# Count all even from 1 to n

1. Oct 9, 2011

### Genericcoder

Hi guys,

I am noobie in number theory so if something exists better than this equation I did please don't bash me this is my first equation.

Today I was thinking of a way to count all even from 1 to n,so this way I thought about is like this.

Let me first write the equation,then I will explain the logic.

iNumber = ((iNumber + 1) * (iNumber / 2)) - (((iNumber + 1) * (iNumber / 2) - (iNumber / 2)) / 2)

Okay let me explain how I got this logic,so lets pick odd numbers from 1 to 10 and see how they form.
1 = 0 + 1;
3 = 2 + 1;
5 = 4 + 1;
7 = 6 + 1;
9 = 8 + 1;

So here we have 5 ones,so for example if we removed those ones from the a equation that you add 1 to 10 from it will be like this;

Normal numbers which you added 1 to 10 ->

1 + 2 + 2 + 1 + 4 + 4 + 1 + 6 + 6 + 1 + 8 + 8 + 1 + 10 -
1 + 1 + 1 + 1 + 1,so the numbers now become

0 + 2 + 2 + 4 + 4 + 6 + 6 + 8 + 8 + 10 = 50,but thats 2x,so if we got that number and divide by 2 it will be 25,thats how much odds add up,so if we got the total numbers from 1 to 10 and minus 25 we should get the even number we want;

So lets put that in the equation and see if its right;

((11) * (5)) - (((11) * (5) - (5)) / 2) = 55 - 25 = 30;

2 + 4 + 6 + 8 + 10 = 30;

So the equation is right I am sure this has been done by another mathmetician,but its good to think about it the logic of it is great.

2. Oct 9, 2011

### dodo

Hi, genericcoder,
I'll try to illustrate how your formula connects with other formulas known to mathematicians; in other words, how to prove (and simplify) your formula, if this is of any use to you.

A formula well known by mathematicians (and possibly by you) is a formula for the sum of the first consecutive integers; for example, 1 + 2 + 3 + 4 + 5. The formula is$$\frac {k (k+1)} 2$$In this example, 1 + 2 + 3 + 4 + 5 = 5 * 6 / 2 = 30 / 2 = 15.

You want to calculate the sum of consecutive even numbers, such as 2 + 4 + 6 + 8 + 10, and that is twice the sum 1 + 2 + 3 + 4 + 5. So, if your number is 10, you would apply the above formula with 10/2 = 5 (which gives you 1+2+3+4+5; we did that and obtained 5*6/2 = 15) and then multiply the result by two to obtain 2+4+6+8+10 (= 15*2 = 30).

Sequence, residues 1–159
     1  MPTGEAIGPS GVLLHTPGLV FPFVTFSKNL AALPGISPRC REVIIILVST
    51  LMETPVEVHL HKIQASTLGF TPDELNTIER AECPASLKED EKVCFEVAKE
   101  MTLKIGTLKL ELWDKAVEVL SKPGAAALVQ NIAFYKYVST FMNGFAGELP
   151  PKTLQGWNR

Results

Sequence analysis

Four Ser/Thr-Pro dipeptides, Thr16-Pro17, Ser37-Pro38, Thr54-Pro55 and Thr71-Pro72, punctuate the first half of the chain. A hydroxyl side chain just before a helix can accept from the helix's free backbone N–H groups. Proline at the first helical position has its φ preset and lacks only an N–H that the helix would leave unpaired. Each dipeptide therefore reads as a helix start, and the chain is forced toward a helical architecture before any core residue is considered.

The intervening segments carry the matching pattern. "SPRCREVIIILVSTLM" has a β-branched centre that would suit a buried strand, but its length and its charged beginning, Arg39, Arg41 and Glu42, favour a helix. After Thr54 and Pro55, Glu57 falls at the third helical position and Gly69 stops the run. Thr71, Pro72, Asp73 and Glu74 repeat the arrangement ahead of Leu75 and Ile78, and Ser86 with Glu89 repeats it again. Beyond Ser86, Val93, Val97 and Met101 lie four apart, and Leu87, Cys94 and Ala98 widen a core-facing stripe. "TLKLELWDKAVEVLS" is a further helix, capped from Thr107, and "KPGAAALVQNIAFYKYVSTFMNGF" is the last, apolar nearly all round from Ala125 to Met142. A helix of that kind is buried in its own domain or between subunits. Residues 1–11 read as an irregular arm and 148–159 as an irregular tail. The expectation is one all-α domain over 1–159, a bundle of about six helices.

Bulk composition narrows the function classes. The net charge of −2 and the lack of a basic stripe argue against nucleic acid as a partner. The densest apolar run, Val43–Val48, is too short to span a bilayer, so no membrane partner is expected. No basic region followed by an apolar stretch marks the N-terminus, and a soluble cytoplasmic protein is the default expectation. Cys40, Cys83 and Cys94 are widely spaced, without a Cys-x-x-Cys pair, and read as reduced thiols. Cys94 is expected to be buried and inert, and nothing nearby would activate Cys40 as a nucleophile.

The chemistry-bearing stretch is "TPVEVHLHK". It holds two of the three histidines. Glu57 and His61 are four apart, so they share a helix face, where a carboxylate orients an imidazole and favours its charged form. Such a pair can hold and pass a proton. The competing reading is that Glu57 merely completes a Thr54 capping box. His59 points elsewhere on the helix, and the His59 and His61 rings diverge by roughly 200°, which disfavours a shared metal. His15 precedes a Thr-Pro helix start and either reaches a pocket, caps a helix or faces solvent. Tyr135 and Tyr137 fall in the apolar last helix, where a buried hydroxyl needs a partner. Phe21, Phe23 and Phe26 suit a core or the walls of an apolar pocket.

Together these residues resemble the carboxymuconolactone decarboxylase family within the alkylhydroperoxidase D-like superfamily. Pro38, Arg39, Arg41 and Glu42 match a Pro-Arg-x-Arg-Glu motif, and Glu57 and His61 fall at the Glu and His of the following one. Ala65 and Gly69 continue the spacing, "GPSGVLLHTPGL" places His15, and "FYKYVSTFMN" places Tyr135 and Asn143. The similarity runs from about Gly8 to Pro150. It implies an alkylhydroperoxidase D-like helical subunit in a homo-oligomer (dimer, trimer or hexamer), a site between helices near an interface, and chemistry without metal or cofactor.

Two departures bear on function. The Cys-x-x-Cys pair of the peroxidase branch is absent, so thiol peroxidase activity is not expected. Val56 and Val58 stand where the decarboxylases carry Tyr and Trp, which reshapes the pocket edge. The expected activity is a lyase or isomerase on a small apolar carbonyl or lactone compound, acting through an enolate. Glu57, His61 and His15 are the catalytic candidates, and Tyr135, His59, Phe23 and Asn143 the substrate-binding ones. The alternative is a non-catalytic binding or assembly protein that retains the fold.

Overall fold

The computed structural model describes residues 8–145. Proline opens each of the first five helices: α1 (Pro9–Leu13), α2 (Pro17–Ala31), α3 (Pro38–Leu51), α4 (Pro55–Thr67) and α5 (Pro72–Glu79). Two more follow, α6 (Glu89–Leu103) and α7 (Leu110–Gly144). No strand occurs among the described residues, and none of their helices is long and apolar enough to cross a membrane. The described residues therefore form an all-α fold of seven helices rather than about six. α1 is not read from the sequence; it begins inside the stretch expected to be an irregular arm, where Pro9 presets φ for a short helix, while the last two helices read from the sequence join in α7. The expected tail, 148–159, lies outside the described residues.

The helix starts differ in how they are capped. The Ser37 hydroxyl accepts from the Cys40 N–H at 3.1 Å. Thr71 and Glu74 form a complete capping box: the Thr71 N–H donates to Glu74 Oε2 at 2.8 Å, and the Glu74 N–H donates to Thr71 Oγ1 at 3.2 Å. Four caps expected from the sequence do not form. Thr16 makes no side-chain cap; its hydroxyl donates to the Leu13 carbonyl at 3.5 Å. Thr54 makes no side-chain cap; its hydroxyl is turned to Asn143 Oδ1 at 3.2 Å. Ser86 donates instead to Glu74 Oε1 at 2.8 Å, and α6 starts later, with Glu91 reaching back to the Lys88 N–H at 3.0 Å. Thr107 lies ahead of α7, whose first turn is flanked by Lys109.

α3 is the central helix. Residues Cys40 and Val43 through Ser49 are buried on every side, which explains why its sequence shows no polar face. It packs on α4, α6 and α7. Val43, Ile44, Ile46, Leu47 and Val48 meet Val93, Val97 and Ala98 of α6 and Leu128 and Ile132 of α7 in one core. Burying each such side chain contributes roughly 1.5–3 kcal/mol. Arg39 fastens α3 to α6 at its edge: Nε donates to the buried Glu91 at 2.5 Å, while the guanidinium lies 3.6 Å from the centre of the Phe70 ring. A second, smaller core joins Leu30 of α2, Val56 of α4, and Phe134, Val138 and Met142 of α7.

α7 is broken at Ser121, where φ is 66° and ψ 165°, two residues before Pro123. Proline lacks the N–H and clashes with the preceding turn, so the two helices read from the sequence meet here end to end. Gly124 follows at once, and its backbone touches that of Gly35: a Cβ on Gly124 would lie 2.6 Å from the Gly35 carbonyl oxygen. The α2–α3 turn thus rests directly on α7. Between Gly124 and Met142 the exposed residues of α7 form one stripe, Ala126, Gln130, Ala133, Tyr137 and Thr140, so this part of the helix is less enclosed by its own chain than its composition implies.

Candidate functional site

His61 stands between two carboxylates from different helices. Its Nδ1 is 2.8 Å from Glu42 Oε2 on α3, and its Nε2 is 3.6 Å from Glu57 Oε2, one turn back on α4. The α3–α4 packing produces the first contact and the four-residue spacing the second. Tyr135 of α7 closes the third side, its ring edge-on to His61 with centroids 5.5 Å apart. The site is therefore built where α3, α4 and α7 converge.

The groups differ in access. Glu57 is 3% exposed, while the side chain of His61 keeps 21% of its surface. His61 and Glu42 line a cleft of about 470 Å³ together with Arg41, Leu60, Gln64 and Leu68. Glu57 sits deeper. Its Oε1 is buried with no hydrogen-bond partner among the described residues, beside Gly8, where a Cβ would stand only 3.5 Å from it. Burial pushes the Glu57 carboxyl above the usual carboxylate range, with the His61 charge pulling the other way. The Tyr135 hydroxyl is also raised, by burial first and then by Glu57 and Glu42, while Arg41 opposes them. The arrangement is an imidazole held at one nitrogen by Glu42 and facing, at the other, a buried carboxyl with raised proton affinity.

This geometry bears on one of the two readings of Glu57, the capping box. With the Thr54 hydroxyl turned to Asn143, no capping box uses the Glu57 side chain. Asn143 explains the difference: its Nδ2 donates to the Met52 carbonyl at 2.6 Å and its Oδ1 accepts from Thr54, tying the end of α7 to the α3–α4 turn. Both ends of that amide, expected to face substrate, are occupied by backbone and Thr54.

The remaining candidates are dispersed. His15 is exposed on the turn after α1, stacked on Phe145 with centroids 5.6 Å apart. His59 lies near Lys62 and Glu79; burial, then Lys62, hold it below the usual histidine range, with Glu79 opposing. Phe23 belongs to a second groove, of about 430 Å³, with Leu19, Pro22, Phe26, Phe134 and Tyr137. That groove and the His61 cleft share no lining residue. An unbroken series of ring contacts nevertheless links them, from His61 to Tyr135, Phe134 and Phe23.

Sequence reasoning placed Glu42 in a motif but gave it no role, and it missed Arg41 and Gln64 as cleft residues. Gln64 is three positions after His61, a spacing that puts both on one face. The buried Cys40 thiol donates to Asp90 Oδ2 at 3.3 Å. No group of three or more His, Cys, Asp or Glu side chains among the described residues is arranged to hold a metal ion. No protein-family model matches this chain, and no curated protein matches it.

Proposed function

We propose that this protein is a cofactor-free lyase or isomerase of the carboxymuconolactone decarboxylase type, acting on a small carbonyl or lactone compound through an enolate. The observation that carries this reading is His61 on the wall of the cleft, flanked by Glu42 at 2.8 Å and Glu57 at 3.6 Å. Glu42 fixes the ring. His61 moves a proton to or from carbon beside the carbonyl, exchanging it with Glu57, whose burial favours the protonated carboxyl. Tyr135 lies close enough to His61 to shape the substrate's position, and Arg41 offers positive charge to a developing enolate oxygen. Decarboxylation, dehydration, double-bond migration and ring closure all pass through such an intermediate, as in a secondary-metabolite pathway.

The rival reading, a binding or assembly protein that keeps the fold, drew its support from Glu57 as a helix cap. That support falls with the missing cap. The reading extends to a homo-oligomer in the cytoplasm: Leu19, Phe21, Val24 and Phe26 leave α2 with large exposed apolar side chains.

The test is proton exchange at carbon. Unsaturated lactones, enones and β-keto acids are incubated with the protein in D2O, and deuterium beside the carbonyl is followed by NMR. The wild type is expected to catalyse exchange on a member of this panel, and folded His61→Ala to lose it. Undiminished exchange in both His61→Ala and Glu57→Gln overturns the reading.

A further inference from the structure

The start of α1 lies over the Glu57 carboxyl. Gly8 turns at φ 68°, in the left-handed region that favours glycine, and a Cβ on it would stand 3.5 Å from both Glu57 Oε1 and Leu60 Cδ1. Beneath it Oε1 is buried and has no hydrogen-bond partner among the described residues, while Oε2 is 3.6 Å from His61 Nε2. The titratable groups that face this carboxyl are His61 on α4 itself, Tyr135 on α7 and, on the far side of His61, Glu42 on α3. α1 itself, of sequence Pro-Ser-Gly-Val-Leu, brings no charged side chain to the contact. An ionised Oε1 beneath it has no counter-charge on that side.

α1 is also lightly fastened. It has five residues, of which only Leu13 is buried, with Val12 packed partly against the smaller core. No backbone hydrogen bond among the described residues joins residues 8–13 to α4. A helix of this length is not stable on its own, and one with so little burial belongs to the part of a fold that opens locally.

So the sum of the first even numbers can be expressed as twice the above formula, that is, $k(k+1)$, but using a value of $\displaystyle {k=\frac n 2}$:\begin{align*}\frac n 2 \left( \frac n 2 + 1 \right) &= \frac {n^2} 4 + \frac n 2 = \frac{n^2 + 2n} 4 \\ &= \frac {n(n+2)} 4 & \mbox{(eq. 1)}\end{align*}
In your example, if you evaluate $\displaystyle {\frac {n(n+2)} 4}$ with $n=10$, you obtain 10*12/4 = 30, as you did.

The formula you give can be simplified to this one marked as (eq. 1), with a little algebra. Your formula is$$\displaystyle {(n+1)\frac n 2 - \frac {(n+1)\frac n 2 - \frac n 2} 2}$$
Notice that the numerator of the big fraction on the right is $\displaystyle (n+1)\frac n 2 - \frac n 2$; in other words, (n+1)*something - something. If you have (n+1) of something, and subtract one of something, you are left with n*something. So we begin by simplifying your formula to$$\displaystyle {(n+1)\frac n 2 - \frac {n\frac n 2} 2}$$
or$$(n+1)\frac n 2 - \frac {n^2} 4$$
Expanding the parentheses on the left part, we obtain\begin{align*}& \frac {n^2} 2 + \frac n 2 - \frac {n^2} 4 \\ &= \frac {n^2} 4 + \frac n 2 \\ &= \frac {n(n+2)} 4 \end{align*}
just as we did above for (eq. 1).

Hope this helps!

3. Oct 9, 2011

### Genericcoder

@Dodo

Thanks alot that makes sense,also this logic for calculating the even is more efficient than mine I made it more complex.